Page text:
With the Rich Coast Experiences Collection, it simply started with Vicarious Adventures on the Rich Coast.  And I thought that would be the end of it.  But then I received an opportunity to work and live in Costa Rica and I decided to write a second book about my decision to move and the challenges I faced during that time (plus adding in travel stories as it was a continuation of the first book which was a travel guide and memoir).  While writing the second book, No Fear, and with the knowledge that I’d be moving to Costa Rica, I decided I’d make it a trilogy.

Same with my Living Well Collection.  It started off as an inspirational photography book, An Intentional Life, which then turned into 4 other similar coffee-table style books along with 2 nonfiction self-help books.

If you could tell your younger writing self one thing what would it be?

Write.  Just write. Don’t let anyone tell you it’s not a real job or it’s not a worthwhile venture.  I loved writing as a kid but I put it aside.  I got back into writing when I started grad school in my early 30’s and it reminded me how much I loved it. At that point, I knew it was my decision to pursue it as a viable career.

How did publishing your first book change your process of writing?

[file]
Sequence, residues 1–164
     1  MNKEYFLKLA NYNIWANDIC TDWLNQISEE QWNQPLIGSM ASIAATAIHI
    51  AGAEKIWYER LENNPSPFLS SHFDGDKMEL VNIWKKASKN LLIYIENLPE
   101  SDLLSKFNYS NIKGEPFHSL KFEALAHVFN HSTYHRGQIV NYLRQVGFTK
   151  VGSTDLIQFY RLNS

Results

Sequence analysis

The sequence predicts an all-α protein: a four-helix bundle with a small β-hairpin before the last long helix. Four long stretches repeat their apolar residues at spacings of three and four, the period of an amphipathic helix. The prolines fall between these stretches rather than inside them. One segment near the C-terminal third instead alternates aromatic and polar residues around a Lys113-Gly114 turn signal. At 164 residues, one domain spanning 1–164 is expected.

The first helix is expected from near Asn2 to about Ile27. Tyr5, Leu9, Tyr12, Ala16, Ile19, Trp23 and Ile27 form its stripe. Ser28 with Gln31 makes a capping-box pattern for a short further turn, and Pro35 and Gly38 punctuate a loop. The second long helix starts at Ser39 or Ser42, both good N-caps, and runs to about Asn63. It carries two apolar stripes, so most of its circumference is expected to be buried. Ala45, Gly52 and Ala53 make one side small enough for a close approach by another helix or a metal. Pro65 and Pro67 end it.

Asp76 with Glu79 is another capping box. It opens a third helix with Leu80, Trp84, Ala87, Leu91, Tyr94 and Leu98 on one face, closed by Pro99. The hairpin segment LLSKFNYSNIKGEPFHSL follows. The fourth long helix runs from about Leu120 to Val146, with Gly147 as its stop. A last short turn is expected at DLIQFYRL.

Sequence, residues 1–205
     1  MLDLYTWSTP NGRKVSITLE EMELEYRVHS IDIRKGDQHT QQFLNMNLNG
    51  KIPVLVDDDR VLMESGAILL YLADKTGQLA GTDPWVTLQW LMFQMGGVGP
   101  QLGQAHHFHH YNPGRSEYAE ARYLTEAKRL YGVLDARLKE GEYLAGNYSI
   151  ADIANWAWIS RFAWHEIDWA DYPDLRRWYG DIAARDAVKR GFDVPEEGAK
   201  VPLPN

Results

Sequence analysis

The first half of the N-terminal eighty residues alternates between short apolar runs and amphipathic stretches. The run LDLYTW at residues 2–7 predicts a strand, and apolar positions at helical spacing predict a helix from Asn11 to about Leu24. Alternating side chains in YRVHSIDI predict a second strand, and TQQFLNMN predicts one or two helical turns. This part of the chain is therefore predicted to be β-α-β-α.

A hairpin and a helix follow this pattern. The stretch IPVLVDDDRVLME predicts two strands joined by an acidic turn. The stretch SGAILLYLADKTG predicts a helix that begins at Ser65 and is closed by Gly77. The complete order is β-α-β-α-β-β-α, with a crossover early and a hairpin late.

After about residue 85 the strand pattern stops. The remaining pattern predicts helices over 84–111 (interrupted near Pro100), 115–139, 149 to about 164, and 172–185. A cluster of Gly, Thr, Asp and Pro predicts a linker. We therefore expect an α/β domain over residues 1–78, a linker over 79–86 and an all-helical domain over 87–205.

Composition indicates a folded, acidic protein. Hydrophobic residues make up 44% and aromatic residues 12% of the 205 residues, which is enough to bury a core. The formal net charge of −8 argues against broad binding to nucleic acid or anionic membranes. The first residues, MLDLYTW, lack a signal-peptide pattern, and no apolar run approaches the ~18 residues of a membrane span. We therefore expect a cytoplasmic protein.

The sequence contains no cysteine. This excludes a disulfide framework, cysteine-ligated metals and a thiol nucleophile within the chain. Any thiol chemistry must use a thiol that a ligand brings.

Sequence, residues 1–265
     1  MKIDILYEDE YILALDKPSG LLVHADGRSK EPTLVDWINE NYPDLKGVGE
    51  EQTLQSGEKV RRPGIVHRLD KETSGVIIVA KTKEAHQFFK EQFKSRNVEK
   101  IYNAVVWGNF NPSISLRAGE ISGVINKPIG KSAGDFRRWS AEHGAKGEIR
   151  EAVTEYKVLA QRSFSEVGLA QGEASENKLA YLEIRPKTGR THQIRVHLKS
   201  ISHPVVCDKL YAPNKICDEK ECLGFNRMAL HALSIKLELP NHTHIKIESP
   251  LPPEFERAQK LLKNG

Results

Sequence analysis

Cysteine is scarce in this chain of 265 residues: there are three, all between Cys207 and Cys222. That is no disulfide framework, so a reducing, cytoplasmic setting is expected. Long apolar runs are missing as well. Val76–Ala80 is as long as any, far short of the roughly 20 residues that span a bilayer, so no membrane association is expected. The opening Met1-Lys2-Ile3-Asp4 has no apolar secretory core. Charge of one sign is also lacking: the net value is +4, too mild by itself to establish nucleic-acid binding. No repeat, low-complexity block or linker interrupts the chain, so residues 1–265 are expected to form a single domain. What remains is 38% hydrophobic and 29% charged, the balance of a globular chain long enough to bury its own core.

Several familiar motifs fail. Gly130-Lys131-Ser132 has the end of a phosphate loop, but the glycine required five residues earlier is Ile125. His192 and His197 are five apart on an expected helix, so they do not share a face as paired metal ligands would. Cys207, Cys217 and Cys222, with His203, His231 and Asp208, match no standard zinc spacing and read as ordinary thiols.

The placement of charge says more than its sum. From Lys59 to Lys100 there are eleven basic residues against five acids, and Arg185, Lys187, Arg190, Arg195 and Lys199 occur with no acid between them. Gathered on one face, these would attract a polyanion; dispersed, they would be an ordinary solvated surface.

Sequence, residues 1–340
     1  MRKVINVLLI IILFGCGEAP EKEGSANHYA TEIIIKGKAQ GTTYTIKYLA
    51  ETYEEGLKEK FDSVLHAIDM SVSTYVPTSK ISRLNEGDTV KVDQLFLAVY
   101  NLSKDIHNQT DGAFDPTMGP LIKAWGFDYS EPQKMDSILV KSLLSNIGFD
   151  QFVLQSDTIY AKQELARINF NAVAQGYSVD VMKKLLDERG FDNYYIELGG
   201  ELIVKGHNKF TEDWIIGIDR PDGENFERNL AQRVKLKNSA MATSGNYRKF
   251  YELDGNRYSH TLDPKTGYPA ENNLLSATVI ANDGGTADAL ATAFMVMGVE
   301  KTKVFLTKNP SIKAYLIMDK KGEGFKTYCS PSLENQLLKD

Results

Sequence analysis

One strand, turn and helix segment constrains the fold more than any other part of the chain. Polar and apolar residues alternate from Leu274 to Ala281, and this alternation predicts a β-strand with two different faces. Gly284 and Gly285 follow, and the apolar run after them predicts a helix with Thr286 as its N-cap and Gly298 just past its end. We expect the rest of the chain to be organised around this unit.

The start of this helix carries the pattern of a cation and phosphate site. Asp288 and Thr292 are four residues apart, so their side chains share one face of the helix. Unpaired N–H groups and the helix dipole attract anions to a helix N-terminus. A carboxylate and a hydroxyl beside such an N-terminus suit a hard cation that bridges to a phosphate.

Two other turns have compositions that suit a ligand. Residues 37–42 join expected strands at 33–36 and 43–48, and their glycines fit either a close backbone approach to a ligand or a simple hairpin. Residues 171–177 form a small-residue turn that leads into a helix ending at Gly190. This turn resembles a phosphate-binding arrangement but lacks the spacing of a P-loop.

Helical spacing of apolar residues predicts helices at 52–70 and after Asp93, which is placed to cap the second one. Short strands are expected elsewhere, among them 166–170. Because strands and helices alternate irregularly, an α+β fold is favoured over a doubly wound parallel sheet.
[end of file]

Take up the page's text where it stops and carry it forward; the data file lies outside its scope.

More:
I realized I needed an editor and that actually gave me so much more freedom.  I could just write and write and write and my editor would come in and clean it up, edit out my tirades (or, at least, soften them) and help me sort out the parts that were more difficult to pull together.

As a writer what would you choose as your mascot/avatar/spirit animal?

The beautiful blue morpho butterfly. Strong yet delicate. Transformational. Flying over the world, taking everything in and then settling down on a leaf in quiet repose.

Do you view writing as a kind of spiritual practice?

Most definitely, especially with the style of books that I write. The truth is often stranger than fiction and writing helps me sort it all out and explore life from many different perspectives.

 What is your writing schedule like?

I don’t put myself on a strict writing schedule.  I really prefer to let the ideas and words happen naturally.  Ideas come to me all the time for new content, new books, new blogs and forcing myself to sit and write would harm my creative process.  I don’t believe anyone can – or should – write a book in 90 days (or whatever the latest and greatest hype is).

In contrast to my flexible writing schedule, however, I do have a pretty strict editorial calendar that I follow. One of my main goals is to reach people through my writing and it’s important to me to always be producing quality content that they can depend on. 

I have ideas through 2018 and most of 2017 is already written or recorded for a podcast. Although at times, I’ll make shifts to the schedule when I’m called to write something that is pertinent to what is happening in the world. 

How does your family support you in your writing or writing schedule?

Well, my family right now are my two cats, Sunshine and Lluvia.  But they are huge supporters of my writing. 😉

To further explore ways on how to live A Wildhearted Sanguine Life, one that embodies intentional and mindful action, please connect with Chrissy at